In which we are introduced to the primary antagonist for the first time:
Taylor Smith wasn’t actually bald. He did have the receding hairline of many men in their late forties, but actually had quite a lot of hair. He spent several minutes every morning carefully shaving his scalp just like he shaved his beard. It was a habit he’d picked up as a young man in the Marines, continued in his time as a cop, and now was second nature. Trouble was, sometimes he missed a spot, like just above and behind his right ear.
And it drove him batty.
He self-consciously touched the line of stubble now as he took one of the chairs in front of the Director’s desk. It was full dark, well past normal office hours and the lights of Seattle’s business district lit up the windows of the office. It was really quite dazzling.
“Anything to report?”
“Not much,” Smith answered, willing his hand down into his lap. “He appears to be in for the night. He’s probably going up to Port Salish in the morning.”
“I assume there will be nothing to find when he get there.” The old man sipped from a tumbler of scotch, his preferred refreshment this time of night. He had not offered any to Smith and Smith had not expected him to. If he had, Smith would have had to decide whether to shoot him right there.
The old man nodded, seemed to consider his next question for a moment.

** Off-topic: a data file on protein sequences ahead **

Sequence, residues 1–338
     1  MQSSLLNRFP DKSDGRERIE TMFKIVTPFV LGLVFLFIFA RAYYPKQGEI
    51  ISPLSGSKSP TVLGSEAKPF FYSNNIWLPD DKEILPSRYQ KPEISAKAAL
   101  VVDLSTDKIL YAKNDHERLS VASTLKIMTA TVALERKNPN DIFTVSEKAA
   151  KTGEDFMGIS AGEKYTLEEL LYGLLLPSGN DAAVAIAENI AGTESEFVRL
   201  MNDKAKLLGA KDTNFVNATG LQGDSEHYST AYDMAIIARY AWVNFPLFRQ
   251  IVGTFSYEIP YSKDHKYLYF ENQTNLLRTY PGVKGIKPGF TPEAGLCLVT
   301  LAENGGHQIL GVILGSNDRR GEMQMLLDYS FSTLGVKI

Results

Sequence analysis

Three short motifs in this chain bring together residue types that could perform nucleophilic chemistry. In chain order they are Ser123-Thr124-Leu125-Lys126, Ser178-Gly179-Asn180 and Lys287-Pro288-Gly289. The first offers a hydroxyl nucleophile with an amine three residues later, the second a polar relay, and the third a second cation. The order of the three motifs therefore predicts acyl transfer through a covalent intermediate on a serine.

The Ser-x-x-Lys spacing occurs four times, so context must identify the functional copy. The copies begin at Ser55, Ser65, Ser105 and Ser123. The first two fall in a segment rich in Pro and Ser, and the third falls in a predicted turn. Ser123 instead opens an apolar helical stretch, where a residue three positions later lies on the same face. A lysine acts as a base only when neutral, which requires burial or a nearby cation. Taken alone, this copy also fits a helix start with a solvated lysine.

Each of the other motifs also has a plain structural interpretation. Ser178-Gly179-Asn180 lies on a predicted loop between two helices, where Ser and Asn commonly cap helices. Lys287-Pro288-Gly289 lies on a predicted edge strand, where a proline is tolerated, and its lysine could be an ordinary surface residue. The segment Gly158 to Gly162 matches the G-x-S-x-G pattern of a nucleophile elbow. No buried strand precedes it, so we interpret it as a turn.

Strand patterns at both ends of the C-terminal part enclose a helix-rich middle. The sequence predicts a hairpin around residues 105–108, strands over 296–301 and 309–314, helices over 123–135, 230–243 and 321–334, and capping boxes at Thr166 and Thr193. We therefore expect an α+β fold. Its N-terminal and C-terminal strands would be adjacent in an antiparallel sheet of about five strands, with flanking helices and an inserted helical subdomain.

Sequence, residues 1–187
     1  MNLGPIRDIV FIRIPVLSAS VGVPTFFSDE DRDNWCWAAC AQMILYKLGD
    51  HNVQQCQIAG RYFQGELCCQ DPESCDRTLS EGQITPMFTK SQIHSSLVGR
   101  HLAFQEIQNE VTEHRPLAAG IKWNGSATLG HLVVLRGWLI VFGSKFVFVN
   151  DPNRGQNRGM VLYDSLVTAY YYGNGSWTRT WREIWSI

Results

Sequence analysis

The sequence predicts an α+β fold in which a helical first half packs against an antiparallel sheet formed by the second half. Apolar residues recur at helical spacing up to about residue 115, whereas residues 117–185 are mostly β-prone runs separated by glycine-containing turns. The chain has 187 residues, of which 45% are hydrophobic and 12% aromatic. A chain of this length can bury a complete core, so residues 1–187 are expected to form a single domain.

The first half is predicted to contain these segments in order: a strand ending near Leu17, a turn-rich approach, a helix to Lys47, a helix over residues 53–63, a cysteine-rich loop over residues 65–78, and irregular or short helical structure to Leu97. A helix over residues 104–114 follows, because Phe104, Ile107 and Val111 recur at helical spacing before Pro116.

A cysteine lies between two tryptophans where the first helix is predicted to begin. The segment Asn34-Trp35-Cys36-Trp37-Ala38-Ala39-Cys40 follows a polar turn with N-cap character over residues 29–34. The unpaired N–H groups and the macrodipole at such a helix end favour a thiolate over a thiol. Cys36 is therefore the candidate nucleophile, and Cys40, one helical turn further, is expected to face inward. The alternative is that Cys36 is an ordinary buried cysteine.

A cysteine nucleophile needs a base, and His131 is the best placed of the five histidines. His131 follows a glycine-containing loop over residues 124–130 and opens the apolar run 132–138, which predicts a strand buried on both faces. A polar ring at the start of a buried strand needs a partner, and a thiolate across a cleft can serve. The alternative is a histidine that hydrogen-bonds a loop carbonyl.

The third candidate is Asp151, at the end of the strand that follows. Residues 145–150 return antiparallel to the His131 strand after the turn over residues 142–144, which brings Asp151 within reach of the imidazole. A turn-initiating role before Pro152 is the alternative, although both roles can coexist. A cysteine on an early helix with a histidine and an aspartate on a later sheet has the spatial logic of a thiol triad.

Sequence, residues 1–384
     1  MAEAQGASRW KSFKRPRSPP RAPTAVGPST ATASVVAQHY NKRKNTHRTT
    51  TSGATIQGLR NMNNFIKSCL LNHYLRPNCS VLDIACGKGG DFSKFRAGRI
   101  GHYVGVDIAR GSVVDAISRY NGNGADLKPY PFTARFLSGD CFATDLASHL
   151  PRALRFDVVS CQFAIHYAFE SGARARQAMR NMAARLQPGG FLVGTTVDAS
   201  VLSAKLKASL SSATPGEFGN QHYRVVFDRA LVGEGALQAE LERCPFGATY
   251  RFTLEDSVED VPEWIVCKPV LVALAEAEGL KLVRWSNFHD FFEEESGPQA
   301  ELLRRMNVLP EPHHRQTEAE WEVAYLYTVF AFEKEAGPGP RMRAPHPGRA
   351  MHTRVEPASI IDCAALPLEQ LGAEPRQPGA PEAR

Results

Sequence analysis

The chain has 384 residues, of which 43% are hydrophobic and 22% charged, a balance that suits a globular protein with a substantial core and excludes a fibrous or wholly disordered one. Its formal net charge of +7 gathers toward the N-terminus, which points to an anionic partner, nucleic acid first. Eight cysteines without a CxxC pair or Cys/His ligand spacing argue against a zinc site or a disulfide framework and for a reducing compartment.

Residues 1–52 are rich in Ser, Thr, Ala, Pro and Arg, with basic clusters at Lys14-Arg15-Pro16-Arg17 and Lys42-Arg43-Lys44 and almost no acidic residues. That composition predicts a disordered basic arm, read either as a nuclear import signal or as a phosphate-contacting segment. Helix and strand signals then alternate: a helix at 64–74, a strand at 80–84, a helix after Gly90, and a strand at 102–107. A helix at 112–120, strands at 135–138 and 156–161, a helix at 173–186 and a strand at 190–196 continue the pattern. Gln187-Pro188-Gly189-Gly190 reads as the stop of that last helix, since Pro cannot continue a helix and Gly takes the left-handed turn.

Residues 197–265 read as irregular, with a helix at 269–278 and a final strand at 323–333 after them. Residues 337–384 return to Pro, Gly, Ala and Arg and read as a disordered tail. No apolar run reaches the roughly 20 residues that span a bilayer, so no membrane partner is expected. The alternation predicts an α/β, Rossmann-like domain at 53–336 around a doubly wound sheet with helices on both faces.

“Do we think he’s going to be a problem?”
“It’s too early to tell. So far, he’s done nothing a grieving son wouldn’t do, but it’s early.”
“How big a problem could this be?”
“Worst case scenario? He has the potential to be a disaster.”
“He’s that good?”
Smith nodded and touched the line of stubble behind his ear again. “You read the paper. You’ve seen his file. He’s very good at what he does. He also has the medium to reach a wide audience and a reputation that will make that audience listen. Just ask Councilman Stevenson.”
The old man snorted. “Stevenson is a moron.”
“A moron that’s won five straight elections.”
The old man downed the rest of his whiskey in a single swallow and set the tumbler on his polished desktop with a thud. “I assume we have contingency plans to deal with this if it does become a problem?”
“Of course. That’s what you pay me for.”
“Really?” The old man peered at Smith. It was like meeting the gaze of a rattlesnake. “Seems to me you were supposed to take care of this problem a couple of weeks ago. Yet here we are.”
Smith refused to be intimidated, but he lowered his hand into his lap again. “It is what it is. We deal with it. This is the wrong business if you’re expecting perfection.”
The old man nodded. Just barely. “So what is your recommendation?”
“We sit tight and continue to watch him. We should know in the next few days how big a threat he’s going to be, or whether he’ll be a threat at all.”
“Either way,” the old man told him. “I want this problem eliminated by the end of the week. Understood?”
Smith nodded. “Understood.”